Choosing a Seat in Class


Ever since I first got an IEP at age five, I have had accommodations for preferential seating. I frequently would sit in the front row of the classroom, sometimes alone, and for the majority of my classes, this was a good arrangement. This accommodation followed me all through school, and even was added to my Disability Services file (more on those here). When I got to high school and eventually college, I found that sitting in the very front wasn’t always the best seat available. Here are some of the ways I figure out where the best place to st is located in a classroom.

Nearby outlets

I tend to bring a lot of electronics with me to class, so I try to sit near outlets in case I have to charge something, or require a device that needs to be plugged in. I try not to sit in areas where the outlet is in a common walking path, such as the front of the classroom, since I don’t want anyone to trip and fall, or unplug the device by mistake.

Where is the teacher?

In one of my college classes, the teacher never wrote on the board, and instead expected us to watch them move around and lecture. I sat right near their desk in the back of the room, which was the most common area they were in, and found this worked well.

Overhead lights

Tinted glasses and screens combined with fluorescent lighting can create a lot of glare. Try to avoid sitting directly in the middle of lights if possible. This is especially important for students with photosensitivity, who may react adversely if the lights flicker. If photosensitivity is a concern, students may also wish to avoid window seats.  Read more about photosensitivity in the classroom here.

Larger desk

If a larger desk is needed, such as when working with a CCTV, make sure it can fit into the preferential seating area. One of my professors had me sit at their desk during the lectures, so I was in the very front of the room and could still see everything that was going on, as well as balance technology. Another teacher in my high school would replace 2-3 desks with a large table they would borrow for the class period.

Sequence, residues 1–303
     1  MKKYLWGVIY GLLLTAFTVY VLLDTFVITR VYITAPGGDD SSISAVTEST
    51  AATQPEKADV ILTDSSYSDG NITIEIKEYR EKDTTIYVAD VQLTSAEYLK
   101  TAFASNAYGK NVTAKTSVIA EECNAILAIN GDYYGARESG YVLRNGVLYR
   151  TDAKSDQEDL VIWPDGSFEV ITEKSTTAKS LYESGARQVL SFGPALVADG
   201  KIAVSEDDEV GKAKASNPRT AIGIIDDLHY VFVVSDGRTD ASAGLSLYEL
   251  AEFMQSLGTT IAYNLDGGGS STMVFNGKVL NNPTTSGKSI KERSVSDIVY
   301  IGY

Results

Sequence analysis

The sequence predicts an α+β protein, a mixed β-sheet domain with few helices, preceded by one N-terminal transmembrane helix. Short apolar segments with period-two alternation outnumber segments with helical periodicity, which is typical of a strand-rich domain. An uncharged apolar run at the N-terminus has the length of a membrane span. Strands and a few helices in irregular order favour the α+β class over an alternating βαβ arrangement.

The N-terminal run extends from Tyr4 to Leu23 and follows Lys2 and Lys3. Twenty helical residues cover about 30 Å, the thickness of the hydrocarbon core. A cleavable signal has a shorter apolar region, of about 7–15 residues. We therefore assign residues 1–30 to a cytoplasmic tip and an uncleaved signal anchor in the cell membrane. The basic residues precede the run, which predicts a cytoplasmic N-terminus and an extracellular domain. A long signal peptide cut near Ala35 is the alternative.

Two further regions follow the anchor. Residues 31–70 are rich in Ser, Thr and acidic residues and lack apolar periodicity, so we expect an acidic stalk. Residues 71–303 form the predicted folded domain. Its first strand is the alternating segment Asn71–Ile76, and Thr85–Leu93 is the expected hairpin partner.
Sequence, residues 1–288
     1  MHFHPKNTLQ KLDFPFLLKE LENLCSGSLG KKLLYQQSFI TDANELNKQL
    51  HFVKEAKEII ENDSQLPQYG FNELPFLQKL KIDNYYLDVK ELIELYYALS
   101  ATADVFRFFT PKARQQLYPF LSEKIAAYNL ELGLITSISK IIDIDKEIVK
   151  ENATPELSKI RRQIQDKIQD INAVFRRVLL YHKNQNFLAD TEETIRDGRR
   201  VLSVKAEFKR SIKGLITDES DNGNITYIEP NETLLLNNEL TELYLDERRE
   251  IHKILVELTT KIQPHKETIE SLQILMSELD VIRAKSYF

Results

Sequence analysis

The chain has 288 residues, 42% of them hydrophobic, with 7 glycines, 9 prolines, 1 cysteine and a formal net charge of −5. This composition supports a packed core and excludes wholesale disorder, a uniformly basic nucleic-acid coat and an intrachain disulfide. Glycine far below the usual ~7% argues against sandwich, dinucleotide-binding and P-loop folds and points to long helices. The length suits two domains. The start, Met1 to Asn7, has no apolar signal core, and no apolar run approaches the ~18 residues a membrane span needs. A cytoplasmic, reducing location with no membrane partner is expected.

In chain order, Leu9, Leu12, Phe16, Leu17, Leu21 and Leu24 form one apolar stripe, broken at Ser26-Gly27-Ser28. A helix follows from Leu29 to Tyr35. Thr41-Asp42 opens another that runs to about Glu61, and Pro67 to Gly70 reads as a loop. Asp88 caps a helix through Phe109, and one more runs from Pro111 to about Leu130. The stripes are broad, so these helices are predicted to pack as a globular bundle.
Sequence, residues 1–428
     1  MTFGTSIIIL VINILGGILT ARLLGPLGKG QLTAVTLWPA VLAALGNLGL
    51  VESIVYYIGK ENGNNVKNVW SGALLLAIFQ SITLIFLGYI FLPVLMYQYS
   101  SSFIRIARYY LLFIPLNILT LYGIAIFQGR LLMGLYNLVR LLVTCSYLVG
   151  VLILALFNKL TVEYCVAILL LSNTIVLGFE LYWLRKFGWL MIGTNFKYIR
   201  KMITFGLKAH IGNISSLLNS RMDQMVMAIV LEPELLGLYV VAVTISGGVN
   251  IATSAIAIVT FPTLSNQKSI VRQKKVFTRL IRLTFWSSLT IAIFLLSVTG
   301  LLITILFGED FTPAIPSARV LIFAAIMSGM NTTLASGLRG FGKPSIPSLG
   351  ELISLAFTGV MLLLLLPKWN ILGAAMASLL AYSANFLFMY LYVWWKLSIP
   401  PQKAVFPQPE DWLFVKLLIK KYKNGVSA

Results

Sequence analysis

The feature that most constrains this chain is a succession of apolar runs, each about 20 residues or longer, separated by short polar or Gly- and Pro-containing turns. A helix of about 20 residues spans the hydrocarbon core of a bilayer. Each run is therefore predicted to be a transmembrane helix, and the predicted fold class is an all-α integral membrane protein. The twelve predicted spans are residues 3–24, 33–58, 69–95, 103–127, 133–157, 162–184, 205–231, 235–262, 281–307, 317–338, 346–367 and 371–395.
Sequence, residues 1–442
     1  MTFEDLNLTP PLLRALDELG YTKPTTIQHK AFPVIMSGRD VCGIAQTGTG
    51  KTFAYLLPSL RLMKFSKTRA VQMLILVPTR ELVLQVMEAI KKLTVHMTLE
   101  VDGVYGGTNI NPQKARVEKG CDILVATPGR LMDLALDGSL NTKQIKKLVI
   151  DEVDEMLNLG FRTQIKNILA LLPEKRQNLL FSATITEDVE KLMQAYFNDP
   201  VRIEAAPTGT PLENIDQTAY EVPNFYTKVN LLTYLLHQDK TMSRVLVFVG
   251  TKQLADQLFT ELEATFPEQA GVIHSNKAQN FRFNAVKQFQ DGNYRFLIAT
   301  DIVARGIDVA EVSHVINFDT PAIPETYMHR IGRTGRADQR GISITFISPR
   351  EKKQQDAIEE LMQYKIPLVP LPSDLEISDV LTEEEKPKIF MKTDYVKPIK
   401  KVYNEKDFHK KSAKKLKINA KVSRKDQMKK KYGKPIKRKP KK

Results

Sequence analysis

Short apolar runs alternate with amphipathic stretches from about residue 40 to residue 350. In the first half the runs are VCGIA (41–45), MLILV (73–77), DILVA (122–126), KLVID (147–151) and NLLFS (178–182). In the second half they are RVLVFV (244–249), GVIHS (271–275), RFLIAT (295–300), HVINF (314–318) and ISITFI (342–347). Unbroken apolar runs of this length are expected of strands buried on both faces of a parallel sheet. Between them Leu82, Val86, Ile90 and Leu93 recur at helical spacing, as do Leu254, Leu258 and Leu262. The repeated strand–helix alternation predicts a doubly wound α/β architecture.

Reserving these seats

It is easy in high school to have these seats reserved, since assigned seating is so common. Once I found a desk I liked, the teacher would write my name largely on the seating chart, so that when it came time to move seats again, I wouldn’t lose my place. Reserving college seating may require more thought. Some professors put a “reserved” sign on the desk when they walk in. Another professor had an informal seating chart and had my seat colored in black, meaning no one else could be there. I never really had a problem with students taking my seat, as most want to go unnoticed by the professor.

With these tips, it should be easy to find the perfect seat for the school year!

Dear High School Teacher


I’m one of the new students in your class this year. You probably received a copy of my SAP, 504, or IEP in advance, and likely have an idea of who I am based on it. However, there are ten things that I would like to request of you, to keep in mind as the school year progresses. I might admit these things to you, I might be scared to say anything, or I might not even realize I want you to do these things. Every student is unique, but these ten things will help me tremendously:

Follow my IEP

In high school, I have the option to drop out of school, something I never had in elementary or middle school. Please don’t make me feel like I am incapable of learning, or that people with low vision don’t deserve to be in school. I might take those things to heart.

Give me a partner

Don’t make me sit away from all of the other students because I am different. Give me a partner in class that I can reach out to if I can’t see something, or that will help me with difficult assignments. Sometimes, you won’t have to choose a partner for me- one of my friends might already be in our class, and they understand my low vision.